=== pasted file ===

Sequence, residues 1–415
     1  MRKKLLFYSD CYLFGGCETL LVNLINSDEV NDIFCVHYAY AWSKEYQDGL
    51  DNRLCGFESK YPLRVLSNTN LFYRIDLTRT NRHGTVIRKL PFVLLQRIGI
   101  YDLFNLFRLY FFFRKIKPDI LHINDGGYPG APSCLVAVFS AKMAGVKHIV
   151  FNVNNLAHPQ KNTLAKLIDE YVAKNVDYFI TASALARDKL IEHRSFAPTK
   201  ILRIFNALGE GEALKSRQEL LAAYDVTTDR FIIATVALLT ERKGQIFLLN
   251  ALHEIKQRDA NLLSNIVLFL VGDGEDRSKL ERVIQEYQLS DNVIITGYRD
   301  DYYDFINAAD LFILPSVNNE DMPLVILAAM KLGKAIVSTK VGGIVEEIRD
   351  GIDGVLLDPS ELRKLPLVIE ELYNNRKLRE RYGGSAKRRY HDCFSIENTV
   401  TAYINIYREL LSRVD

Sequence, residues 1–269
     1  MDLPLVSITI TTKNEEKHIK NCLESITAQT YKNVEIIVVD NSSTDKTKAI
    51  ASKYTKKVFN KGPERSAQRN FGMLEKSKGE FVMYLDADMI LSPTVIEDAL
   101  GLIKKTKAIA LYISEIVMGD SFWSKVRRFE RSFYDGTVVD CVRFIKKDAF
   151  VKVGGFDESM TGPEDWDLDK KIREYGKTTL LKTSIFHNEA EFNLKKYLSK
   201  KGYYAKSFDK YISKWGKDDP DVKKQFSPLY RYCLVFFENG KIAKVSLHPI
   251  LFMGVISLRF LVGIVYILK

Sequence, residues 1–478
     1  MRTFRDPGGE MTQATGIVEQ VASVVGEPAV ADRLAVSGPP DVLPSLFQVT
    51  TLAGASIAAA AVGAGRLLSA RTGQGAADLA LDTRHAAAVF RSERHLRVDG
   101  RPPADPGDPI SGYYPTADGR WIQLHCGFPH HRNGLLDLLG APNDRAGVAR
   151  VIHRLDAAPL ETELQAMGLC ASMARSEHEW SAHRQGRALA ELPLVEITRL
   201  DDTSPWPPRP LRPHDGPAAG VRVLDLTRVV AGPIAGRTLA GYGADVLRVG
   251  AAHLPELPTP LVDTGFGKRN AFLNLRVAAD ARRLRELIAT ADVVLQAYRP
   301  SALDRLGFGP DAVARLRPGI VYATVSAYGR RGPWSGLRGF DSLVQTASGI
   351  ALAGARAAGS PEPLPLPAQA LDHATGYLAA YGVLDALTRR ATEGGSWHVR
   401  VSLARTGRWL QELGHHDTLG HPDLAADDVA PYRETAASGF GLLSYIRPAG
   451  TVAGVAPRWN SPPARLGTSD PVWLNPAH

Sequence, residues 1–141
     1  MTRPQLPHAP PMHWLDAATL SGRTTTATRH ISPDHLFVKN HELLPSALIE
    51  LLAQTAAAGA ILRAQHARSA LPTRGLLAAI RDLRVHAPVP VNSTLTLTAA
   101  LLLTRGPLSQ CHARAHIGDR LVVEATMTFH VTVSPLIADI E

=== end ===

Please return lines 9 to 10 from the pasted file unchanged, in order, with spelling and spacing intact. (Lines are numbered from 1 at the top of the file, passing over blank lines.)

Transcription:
   351  GIDGVLLDPS ELRKLPLVIE ELYNNRKLRE RYGGSAKRRY HDCFSIENTV
   401  TAYINIYREL LSRVD